Don Imus: You know, we’re talking about Congressman Ron Paul who ran for the presidency. Are you going to run again?
Ron Paul: No, I haven’t made that decision. I haven’t thought too much about that. That’s a while to go yet. I haven’t said absolutely not, but right now I have no plans to do it.
Don Imus: When you ran, did you think you could get elected?
Ron Paul: Not really. I used to kid, I said that that’s the risk you take when you put your name out there. You can get elected. When I first ran for Congress, I was talking to […] and I thought it was virtually impossible to win even a congressional seat if you were going to defy the status quo and then promise no goodies for your district and only promise to limit government and try to restore a free society, that there wouldn’t be an audience for that. To my surprise, there was. Right now, I’m a bit surprised that as many people are paying attention as they are right now. The country is in desperate straits and maybe looking towards a freedom philosophy is the right thing to do.
Don Imus: It’s kind of interesting how enormously popular you are, particularly with, young Republicans and others and yet not with the Republican establishment. Is that because they don’t like your foreign policy views or what?
Ron Paul: Yeah, you know, the older people, they have trouble being objective, they get locked in a place and they’re part of the special interests. And young people have always been generally more attracted to principle and they like consistency and they’re more idealistic. Also, the young people right now are facing a major problem. It isn’t like when the baby boomers were moving into adulthood, everything was doing pretty well and the country was still wealthy and jobs were available. Now, the jobs are unavailable and the country’s poor, wars continue, deficits have to be paid for, and personal liberties are under attack. Perpetual war exists, and young people say “Hey! What’s the answer?” Freedom is the answer, and freedom does bring people together. Not only am I pleased with young people being attracted to this, some polls show that even independents are very interested in this and even progressive Democrats who like the idea of protecting personal choices and are more supportive of a less aggressive foreign policy. So this is, these ideas really do bring people together. I think young people recognize that more so than those who have been locked into the establishment.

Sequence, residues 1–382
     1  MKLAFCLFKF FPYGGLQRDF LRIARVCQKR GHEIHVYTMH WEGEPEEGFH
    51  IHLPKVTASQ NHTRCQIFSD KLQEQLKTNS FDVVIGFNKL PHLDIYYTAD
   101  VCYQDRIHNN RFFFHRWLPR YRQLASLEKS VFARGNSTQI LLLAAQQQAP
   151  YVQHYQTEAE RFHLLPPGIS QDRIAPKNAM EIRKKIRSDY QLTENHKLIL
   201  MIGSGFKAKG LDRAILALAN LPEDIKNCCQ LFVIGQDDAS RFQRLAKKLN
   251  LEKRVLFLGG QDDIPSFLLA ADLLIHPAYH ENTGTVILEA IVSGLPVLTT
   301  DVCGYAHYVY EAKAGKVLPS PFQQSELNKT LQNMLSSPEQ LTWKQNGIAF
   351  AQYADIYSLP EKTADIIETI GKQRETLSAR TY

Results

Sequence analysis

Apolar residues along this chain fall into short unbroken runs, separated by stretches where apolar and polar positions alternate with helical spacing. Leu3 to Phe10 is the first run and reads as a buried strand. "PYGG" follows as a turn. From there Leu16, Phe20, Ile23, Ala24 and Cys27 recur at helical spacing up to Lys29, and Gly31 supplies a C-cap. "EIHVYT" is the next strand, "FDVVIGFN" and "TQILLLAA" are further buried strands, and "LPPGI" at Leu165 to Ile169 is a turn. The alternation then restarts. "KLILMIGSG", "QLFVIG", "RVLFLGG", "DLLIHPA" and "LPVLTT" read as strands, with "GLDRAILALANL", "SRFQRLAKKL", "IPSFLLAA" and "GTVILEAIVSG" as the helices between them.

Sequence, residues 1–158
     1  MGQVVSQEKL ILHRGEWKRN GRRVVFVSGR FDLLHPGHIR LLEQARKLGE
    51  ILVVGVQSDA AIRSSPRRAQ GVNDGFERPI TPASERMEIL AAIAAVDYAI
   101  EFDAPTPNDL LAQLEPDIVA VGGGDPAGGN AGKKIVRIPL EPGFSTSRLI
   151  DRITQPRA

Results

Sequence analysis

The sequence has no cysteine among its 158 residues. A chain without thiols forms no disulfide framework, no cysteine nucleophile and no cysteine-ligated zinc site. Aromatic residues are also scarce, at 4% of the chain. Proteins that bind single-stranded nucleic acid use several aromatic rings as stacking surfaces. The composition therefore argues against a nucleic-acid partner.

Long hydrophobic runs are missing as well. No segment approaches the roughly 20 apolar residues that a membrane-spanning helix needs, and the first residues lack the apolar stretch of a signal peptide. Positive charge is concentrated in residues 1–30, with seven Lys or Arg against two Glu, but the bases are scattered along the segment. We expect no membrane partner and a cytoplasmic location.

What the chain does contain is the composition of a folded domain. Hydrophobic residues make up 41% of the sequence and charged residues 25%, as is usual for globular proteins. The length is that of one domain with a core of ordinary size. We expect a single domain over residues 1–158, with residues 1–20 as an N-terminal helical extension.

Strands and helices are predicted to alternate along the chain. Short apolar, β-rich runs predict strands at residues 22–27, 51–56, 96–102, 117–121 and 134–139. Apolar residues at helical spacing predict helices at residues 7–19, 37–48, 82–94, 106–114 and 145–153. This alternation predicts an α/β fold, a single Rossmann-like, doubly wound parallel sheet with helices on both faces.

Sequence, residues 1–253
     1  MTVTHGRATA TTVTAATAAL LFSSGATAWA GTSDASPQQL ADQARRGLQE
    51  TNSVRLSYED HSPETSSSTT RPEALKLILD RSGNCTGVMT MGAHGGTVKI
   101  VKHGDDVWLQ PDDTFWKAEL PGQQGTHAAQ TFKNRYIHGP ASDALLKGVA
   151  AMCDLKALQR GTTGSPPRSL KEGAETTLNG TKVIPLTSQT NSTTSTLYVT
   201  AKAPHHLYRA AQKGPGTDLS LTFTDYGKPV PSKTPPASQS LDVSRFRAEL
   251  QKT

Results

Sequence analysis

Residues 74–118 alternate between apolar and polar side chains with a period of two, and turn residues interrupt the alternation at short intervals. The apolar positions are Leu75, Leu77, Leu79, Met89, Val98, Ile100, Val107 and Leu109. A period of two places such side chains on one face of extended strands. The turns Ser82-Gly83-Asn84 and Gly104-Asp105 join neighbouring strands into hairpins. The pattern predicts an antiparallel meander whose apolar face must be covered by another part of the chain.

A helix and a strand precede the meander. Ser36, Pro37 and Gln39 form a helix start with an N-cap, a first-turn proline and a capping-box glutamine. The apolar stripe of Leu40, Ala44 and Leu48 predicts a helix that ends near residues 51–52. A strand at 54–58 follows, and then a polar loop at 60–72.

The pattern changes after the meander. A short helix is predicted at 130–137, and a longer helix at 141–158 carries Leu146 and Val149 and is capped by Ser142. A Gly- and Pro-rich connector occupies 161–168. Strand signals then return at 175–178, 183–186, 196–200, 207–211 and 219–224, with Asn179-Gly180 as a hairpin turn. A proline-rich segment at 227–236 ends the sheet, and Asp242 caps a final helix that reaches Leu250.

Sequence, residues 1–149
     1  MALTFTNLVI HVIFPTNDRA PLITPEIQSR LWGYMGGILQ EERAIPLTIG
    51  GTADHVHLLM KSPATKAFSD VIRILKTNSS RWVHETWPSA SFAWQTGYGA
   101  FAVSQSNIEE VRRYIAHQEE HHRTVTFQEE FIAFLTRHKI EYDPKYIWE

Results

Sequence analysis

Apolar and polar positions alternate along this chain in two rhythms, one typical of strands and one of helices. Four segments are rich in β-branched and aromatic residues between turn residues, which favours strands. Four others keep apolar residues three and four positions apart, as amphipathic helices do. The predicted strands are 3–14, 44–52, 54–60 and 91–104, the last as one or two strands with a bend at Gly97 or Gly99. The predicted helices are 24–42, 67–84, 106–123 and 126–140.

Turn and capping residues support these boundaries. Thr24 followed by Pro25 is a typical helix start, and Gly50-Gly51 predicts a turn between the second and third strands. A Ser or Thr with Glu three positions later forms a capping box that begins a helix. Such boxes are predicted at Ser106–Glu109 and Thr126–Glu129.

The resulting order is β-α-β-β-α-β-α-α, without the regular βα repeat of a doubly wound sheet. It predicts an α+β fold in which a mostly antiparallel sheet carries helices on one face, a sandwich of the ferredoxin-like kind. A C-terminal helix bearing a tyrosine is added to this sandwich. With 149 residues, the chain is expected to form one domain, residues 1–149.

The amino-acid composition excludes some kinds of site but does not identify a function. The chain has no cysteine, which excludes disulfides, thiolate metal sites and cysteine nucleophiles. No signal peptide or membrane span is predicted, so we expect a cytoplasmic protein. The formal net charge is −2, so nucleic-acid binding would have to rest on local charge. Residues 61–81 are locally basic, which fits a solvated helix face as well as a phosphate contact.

Don Imus: Your son Rand feels pretty much like you do about everything?
Ron Paul: I think so. It’s hard to have strong disagreements within a family, but we have our disagreements and certainly on tactics we would have disagreements. But the basic thrust of limiting government and balancing budgets and have free markets and property rights and along these lines I think we would have strong agreement.
Don Imus: The Obama’s, I guess it is accurate to describe, it is heavy handed relations with Israel. What’s your view on that?
Ron Paul: Well, I haven’t really noticed any real heavy-handedness. I don’t think there’s any doubt about what our country would do if Israel has a problem. I think sometimes these disagreements are more superficial than they really are.
Don Imus: It’s a dog and pony show?
Ron Paul: If push comes to shove, you know what will happen. But I’m sure there are people in the administration who are concerned that the Israelis may act unilaterally and go in there and start a war with Iran, which would not help the world. It wouldn’t help Israel, it wouldn’t help Iran. It wouldn’t help the Americans. I mean, it would be a disaster, but there’s always this threat that this could happen, but there’s also the threat that we’ll condone it too. It would be horrible.
Don Imus: Finally, Congressman Paul, the president’s going to Wall Street Thursday to talk to them. What should he say to them?
Ron Paul: He shouldn’t even probably go and if he’s going to go, what I’d like to hear the president say is we believe in free markets, we don’t believe regulations can compensate for an out of control Federal Reserve system. The regulations should come through the rules of the marketplace, if you mess up and you get into a place where you’re bankrupt, you should declare bankruptcy and get out of the way and nobody bails you out. And if you commit fraud, you ought to go to jail. But regulations per se are not the answer. The SEC is actually a farce. I mean, they were created to prevent the problems of Goldman Sachs. The information about Goldman Sachs has been written in books since it occurred and yet here, politically they come and they explain “Oh, no, it’s all Goldman Sachs’ fault.” Well, Goldman Sachs is responsible and they have been treated in a special way. But we need someone to say that the marketplace can regulate a lot better than the SEC and more government regulations. We need to regulate the Federal Reserve is what we need to do.
Don Imus: Congressman Paul, always a pleasure to have you on. Thank you very much, I appreciate it.